By Khaled Diab
The settlers in Hebron are widely regarded as the enemies of peace. That's why I, as an Egyptian, decided it was essential to get to know them.
Tuesday 4 January 2012
Meeting outside the Cave of the Patriarchs in Hebron, aka the Sanctuary of Abraham, seemed to be not just convenient but symbolically fitting. After all, it is this holy site which is the main reason why a few hundred religious settlers stubbornly insist on remaining in Hebron, despite being labelled as an “obstacle to peace”, not only by Palestinians and the international community, but also by many Israelis, including descendants of the city's original Jewish community.
My guide and interlocutor was David Wilder, the veteran American-Israeli spokesman for the settler community in Hebron. With his long, flowing grey beard, Wilder had something of the patriarchal look about him, while the gun holstered on the side of his trousers bore a silent testimony to the Wild West Bank lifestyle of the settler community here.
Owing to unforeseen illness and a trip to the United States on Wilder's part, it had taken several weeks for me finally to get this audience. During the long wait, I couldn't quite shake the suspicion that Wilder was not exactly wildly enthusiastic about a visit from an Egyptian journalist, who was likely to be, at the very least, unsympathetic, if not outright hostile, towards his community.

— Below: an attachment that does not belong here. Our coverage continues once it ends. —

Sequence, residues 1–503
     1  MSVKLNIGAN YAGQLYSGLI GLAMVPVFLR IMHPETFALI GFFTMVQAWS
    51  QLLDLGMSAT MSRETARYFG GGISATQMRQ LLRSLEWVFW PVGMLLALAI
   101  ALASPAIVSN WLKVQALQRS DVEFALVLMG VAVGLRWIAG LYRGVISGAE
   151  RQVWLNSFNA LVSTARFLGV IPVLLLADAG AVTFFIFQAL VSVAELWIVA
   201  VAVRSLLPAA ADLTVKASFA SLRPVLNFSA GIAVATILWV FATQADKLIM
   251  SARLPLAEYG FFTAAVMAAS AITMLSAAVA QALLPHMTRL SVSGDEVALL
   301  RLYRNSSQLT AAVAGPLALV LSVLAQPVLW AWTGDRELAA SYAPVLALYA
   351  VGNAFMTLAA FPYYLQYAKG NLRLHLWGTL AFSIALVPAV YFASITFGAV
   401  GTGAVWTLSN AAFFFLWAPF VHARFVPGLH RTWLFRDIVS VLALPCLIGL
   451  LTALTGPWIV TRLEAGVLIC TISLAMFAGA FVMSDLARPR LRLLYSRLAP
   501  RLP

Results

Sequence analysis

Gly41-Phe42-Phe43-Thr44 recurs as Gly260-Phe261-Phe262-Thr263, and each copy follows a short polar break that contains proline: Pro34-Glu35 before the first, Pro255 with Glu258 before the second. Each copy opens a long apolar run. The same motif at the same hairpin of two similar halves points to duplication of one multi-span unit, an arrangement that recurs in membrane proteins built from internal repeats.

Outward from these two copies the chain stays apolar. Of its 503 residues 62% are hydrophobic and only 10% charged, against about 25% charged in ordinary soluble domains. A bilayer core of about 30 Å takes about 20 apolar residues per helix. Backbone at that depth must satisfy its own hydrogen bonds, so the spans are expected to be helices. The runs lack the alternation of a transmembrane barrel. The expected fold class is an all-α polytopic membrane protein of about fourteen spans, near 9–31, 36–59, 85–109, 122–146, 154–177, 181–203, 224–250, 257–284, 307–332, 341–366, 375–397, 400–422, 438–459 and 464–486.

But persistence ultimately paid off, as undoubtedly did the curiosity factor, which some Israeli friends suggested would prove irresistible, although others worried about the prospect of potential hostility. Personally, I expected civility but didn't rule out other possibilities.
As we headed to and entered Wilder's office in his battered old car, he was curious to learn more about me and what had motivated me to make this visit.
Part of my motivation was undoubtedly curiosity. I have visited the Palestinian side of Hebron on several occasions, both with a Palestinian human rights group and on my own or with friends. I have seen for myself the massive humanitarian impact, including the complete closure of all businesses on al-Shuhada street and in parts of the old city's souq in the Qasbah, not to mention the severe restrictions on movement this draconian security entails. I have also spoken to Palestinians affected by the settler presence.